# indirect proof of identity theorem of power series

 $\displaystyle\sum_{n=0}^{\infty}a_{n}(z-z_{0})^{n}\;=\;\sum_{n=0}^{\infty}b_{n% }(z-z_{0})^{n}$ (1)

is valid in the set of points $z$ presumed in the theorem (http://planetmath.org/IdentityTheoremOfPowerSeries) to be proved.

Antithesis:  There are integers $n$ such that  $a_{n}\neq b_{n}$;  let $\nu$ ($\geqq 0$) be least of them.

We can choose from the point set an infinite sequence$z_{1},\,z_{2},\,z_{3},\,\ldots$  which converges to $z_{0}$ with  $z_{n}\neq z_{0}$  for every $n$.  Let $z$ in the equation (1) belong to  $\{z_{1},\,z_{2},\,z_{3},\,\ldots\}$  and let’s divide both of (1) by $(z-z_{0})^{\nu}$ which is distinct from zero; we then have

 $\displaystyle\underbrace{a_{\nu}+a_{\nu+1}(z-z_{0})+a_{\nu+2}(z-z_{0})^{2}+% \ldots}_{f(z)}\,=\,\underbrace{b_{\nu}+b_{\nu+1}(z-z_{0})+b_{\nu+2}(z-z_{0})^{% 2}+\ldots}_{g(z)}$ (2)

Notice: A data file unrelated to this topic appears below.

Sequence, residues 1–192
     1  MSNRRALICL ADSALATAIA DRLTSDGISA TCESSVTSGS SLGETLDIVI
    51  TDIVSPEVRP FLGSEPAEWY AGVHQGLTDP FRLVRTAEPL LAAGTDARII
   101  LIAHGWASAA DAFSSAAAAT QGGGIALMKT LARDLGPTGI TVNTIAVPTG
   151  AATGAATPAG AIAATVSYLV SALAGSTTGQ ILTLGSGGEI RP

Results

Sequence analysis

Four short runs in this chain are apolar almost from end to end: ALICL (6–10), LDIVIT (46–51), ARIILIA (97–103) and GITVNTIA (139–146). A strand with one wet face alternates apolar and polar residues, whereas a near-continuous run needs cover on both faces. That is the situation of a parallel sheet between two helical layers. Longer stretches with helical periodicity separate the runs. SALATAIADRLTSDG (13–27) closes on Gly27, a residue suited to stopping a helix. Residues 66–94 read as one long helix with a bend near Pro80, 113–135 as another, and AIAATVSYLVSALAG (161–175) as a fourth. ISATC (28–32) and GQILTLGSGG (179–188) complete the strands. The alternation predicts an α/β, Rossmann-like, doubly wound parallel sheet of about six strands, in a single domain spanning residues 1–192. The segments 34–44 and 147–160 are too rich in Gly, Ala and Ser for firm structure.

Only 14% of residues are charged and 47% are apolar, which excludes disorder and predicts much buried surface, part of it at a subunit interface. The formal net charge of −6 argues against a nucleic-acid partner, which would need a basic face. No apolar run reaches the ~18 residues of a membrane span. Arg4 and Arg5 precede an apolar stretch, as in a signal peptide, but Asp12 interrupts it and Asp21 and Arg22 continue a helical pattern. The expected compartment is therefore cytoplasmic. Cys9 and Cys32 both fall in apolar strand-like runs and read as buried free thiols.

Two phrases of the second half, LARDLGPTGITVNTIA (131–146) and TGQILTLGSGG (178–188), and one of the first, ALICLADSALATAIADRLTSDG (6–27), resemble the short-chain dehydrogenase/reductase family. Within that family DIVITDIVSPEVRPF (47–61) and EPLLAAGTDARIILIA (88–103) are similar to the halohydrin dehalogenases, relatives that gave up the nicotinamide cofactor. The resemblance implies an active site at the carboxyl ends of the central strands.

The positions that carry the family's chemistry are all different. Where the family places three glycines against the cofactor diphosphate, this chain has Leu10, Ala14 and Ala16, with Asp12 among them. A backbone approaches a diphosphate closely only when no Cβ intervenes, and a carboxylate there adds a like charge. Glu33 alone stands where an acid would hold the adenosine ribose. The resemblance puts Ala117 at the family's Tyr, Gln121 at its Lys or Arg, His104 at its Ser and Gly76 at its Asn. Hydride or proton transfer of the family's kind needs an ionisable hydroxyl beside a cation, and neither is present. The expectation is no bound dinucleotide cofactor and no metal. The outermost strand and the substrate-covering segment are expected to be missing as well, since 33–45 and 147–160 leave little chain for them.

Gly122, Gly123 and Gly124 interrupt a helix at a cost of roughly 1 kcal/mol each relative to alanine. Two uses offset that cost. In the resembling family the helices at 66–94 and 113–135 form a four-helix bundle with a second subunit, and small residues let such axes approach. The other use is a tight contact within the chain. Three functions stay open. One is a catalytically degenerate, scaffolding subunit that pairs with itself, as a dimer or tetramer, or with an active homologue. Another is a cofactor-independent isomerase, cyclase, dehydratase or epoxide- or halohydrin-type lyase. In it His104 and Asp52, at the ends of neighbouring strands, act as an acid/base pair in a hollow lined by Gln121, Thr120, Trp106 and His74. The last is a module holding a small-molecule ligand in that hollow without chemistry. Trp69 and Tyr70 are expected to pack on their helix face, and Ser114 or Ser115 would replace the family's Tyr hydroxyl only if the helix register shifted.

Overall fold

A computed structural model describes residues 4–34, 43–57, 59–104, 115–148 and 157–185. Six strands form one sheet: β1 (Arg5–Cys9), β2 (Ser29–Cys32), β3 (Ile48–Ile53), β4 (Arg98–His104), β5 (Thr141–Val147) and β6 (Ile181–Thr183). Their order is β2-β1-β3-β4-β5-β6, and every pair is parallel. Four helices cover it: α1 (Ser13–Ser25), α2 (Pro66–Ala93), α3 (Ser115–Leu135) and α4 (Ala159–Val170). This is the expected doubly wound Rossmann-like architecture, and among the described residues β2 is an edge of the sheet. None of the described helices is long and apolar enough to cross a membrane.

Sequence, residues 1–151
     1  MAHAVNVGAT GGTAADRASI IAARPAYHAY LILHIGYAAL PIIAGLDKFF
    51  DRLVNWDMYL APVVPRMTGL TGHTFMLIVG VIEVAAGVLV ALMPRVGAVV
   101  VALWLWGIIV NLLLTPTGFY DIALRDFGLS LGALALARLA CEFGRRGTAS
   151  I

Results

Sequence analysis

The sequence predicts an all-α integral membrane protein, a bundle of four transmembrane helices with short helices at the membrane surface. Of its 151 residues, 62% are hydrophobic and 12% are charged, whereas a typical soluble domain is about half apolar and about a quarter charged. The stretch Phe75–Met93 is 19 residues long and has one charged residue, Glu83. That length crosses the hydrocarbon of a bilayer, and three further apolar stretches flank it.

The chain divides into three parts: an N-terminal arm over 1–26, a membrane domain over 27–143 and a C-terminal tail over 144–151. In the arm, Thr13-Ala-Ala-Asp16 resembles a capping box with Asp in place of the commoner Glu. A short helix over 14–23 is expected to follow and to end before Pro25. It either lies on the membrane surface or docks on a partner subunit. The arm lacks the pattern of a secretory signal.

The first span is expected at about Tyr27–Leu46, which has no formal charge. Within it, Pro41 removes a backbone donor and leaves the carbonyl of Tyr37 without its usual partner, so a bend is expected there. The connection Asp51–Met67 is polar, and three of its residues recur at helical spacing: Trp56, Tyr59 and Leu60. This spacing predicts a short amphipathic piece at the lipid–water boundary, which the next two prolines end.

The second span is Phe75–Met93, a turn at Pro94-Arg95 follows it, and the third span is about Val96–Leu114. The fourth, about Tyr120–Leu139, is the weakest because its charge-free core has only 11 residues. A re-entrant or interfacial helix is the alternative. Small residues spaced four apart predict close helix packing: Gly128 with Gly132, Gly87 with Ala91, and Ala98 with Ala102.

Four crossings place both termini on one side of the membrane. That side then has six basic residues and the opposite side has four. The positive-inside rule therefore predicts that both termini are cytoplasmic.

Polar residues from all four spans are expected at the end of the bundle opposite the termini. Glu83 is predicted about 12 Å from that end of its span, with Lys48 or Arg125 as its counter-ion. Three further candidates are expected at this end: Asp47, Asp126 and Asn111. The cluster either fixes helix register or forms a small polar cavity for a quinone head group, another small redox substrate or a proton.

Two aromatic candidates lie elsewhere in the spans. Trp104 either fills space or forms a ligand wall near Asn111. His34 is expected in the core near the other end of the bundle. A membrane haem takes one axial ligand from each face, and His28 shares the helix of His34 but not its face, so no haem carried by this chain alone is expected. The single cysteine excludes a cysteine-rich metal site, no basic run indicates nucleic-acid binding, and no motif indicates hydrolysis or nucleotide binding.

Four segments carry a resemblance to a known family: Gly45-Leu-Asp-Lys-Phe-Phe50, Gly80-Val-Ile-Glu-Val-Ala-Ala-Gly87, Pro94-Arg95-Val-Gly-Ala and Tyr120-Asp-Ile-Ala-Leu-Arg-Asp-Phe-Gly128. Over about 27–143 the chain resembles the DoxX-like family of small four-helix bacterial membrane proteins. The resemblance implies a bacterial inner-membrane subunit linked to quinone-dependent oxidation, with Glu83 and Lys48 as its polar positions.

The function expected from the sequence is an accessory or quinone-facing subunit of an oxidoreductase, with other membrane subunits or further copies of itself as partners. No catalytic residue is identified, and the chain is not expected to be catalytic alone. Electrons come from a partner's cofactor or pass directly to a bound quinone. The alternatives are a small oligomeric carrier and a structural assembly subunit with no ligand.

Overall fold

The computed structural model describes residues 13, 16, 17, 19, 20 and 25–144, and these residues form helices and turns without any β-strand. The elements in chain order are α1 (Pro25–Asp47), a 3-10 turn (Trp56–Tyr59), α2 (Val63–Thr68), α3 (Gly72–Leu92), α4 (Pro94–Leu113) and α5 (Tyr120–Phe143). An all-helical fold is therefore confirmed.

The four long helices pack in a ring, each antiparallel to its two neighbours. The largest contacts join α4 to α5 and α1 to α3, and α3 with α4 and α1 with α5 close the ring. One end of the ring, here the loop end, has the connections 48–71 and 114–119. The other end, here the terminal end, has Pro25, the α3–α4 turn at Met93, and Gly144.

Let here $z$ to tend $z_{0}$ along the points $z_{1},\,z_{2},\,z_{3},\,\ldots$, i.e. we take the limits $\lim_{n\to\infty}f(z_{n})$ and $\lim_{n\to\infty}g(z_{n})$.  Because the sum of power series is always a continuous function  , we see that in (2),

 $\mathrm{left\,side\,}\longrightarrow f(z_{0})=a_{\nu}\quad\mathrm{and}\quad% \mathrm{right\,side\,}\longrightarrow g(z_{0})=b_{\nu}$

But all the time, the left and of (2) are equal, and thus also the limits.  So we must have  $a_{\nu}=b_{\nu}$,  contrary to the antithesis.  We conclude that the antithesis is wrong.  This settles the proof.

Note.  I learned this proof from my venerable teacher, the number-theorist Kustaa Inkeri (1908–1997).

Title indirect proof of identity theorem of power series IndirectProofOfIdentityTheoremOfPowerSeries 2013-03-22 16:47:48 2013-03-22 16:47:48 pahio (2872) pahio (2872) 9 pahio (2872) Proof msc 40A30 msc 30B10